Rating: 3        Prevalence: 8.70%.
Rating: 2        Prevalence: 8.70%.
Rating: 1        Prevalence: 4.35%.


The expected value for Jim’s rating (with our new observations now) should be:

5*0.7391+4*.0435+3*.0870+2*.0870+1*.0435

4.348


Wow, we were able to quantify how our observations affected Jim’s prior beliefs. Now Pam is much more of a believer and her hyperparameters are larger, signaling a stronger belief in the original rating, but with the same expected value.

pams_parameters=np.array([32, 2, 2, 2,2])

display_probs(dict(zip(ratings, (pams_parameters + c) / (c.sum() + pams_parameters.sum()))))

Rating: 5        Prevalence: 76.74%.
Rating: 4        Prevalence: 4.65%.
Rating: 3        Prevalence: 6.98%.
Rating: 2        Prevalence: 6.98%.
Rating: 1        Prevalence: 4.65%.


These are our expected value for Pam’s rating (with our new observations now) should be:

5*.7674+4*.0465+3*.0698+2*.0698+1*.0465

4.418499999999999


We see that that Pam is less shaken by negative reviews and her expected value for the rating is less affect in comparison to Jim and we can visualize that as well:

alpha_list=[jims_parameters,pams_parameters]

values = []
for alpha_new in alpha_list:
values.append((alpha_new + c) / (c.sum() + alpha_new.sum()))

value_df = pd.DataFrame(values, columns = ratings)
value_df['alphas'] = ["Jim","Pam"] #[str(x) for x in alpha_list]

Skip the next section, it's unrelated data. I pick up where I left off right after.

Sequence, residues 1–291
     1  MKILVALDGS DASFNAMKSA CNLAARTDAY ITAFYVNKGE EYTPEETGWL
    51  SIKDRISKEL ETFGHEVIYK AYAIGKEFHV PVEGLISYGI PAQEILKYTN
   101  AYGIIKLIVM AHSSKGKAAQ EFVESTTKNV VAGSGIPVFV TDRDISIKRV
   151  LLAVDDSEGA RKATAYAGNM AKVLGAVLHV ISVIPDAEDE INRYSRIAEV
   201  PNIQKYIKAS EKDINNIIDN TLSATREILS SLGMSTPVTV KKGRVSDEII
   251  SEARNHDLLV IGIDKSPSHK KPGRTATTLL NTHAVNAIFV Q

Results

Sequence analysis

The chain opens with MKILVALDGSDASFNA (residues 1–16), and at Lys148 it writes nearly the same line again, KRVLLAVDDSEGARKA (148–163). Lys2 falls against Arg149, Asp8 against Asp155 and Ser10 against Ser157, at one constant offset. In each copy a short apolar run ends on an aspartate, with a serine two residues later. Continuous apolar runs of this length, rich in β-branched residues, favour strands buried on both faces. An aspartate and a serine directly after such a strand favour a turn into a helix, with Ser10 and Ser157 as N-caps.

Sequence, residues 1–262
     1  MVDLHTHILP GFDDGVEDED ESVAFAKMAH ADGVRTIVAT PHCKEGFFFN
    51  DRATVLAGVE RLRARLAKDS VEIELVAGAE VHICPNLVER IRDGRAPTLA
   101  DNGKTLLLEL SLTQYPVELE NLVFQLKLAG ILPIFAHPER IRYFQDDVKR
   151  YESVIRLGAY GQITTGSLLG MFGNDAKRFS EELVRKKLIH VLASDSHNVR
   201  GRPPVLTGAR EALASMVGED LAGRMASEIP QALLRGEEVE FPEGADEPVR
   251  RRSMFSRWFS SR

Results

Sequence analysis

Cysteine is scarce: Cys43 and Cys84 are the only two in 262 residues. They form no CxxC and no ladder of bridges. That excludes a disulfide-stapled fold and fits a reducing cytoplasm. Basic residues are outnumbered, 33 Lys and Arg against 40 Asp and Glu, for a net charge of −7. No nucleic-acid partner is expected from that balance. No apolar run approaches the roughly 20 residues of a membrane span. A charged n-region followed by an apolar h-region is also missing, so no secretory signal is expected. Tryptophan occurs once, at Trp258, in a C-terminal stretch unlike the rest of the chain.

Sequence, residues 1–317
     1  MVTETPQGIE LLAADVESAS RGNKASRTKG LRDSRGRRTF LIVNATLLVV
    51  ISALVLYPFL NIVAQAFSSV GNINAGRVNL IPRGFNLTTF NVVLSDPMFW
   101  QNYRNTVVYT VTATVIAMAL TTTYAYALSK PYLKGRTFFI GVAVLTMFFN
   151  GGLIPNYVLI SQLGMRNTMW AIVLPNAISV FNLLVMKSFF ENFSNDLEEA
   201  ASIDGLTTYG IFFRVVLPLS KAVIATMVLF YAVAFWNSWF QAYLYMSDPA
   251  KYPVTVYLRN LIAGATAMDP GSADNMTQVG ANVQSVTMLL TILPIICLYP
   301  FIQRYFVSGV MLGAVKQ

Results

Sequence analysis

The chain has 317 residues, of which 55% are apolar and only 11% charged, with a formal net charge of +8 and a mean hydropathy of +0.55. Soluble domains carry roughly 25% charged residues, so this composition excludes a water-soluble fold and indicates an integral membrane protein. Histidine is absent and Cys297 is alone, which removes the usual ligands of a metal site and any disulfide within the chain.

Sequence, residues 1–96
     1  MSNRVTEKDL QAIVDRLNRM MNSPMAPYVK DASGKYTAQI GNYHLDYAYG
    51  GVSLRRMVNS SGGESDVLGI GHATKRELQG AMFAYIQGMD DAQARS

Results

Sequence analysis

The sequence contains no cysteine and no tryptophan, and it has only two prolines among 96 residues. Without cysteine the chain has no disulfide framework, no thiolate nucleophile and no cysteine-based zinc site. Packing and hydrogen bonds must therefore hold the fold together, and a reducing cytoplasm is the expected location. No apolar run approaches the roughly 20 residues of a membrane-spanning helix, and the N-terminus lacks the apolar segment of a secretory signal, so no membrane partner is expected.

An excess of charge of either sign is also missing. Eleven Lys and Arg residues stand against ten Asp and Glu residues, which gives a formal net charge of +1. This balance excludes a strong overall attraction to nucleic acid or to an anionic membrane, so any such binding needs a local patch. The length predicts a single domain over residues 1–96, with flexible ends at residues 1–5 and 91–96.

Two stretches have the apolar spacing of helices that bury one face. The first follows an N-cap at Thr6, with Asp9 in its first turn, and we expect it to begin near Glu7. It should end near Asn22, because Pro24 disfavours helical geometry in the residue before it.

value_df

5 4 3 2 1 alphas
0 0.739130 0.043478 0.086957 0.086957 0.043478 Jim
1 0.767442 0.046512 0.069767 0.069767 0.046512 Pam
melted = pd.melt(value_df, id_vars = 'alphas', value_name='prevalence',
var_name = 'ratings')

plt.figure(figsize = (8, 6))
sns.barplot(x = 'alphas', y = 'prevalence', hue = 'ratings', data = melted,
edgecolor = 'k', linewidth = 1.5);
plt.xticks(size = 14); plt.yticks(size = 14)
plt.title('Expected Value');


Therefore we see that Pam is a lot less shaken by what she sees in terms of reviews.

# More complicated Analysis

Our overall system has five discrete choices each with an unknown probability and 3 total observations is a multinomial distribution. A multinomial distribution is the generalization of the binomial distribution where there are more than just two outcomes and can be characterized byby k, the number of outcomes, n, the number of trials, and p, a vector of probabilities for each of the outcomes. Our objective is to find p, the probability of seeing each rating in our observations.

“In Bayesian statistics, the parameter vector for a multinomial is drawn from a Dirichlet Distribution, which forms the prior distribution for the parameter.” (Medium Article) Similiar to the multinomial, the Dirichlet Distribution is characterized by, k, the number of outcomes, and alpha, a vector of positive real values called the concentration parameter. Alpha is called a hyperparameter because it is a parameter of the prior.

Let’s talk more about the hyperparameters and Jim and Pam’s prior beliefs. The way we previously thought about the hyperparameters were as psuedocounts, basically as events that we maybe already have seen. If we have seen much more data, a couple of stray values may not shake up our confidence that much.

## Bayesian Inference in Python with PyMC3

Let’s try to get a range of estimates, we use Bayesian inference in order to construct a model of the Jim’s feelings as he sees these observations come in, then sample from the posterior to approximate the posterior (the posterior being the end distribution). This is implemented through Markov Chain Monte Carlo/ No-U-Turn Sampler in PyMC3.

Let’s first start by setting up the model:

with pm.Model() as jims_model:
# Parameters of the Multinomial are from a Dirichlet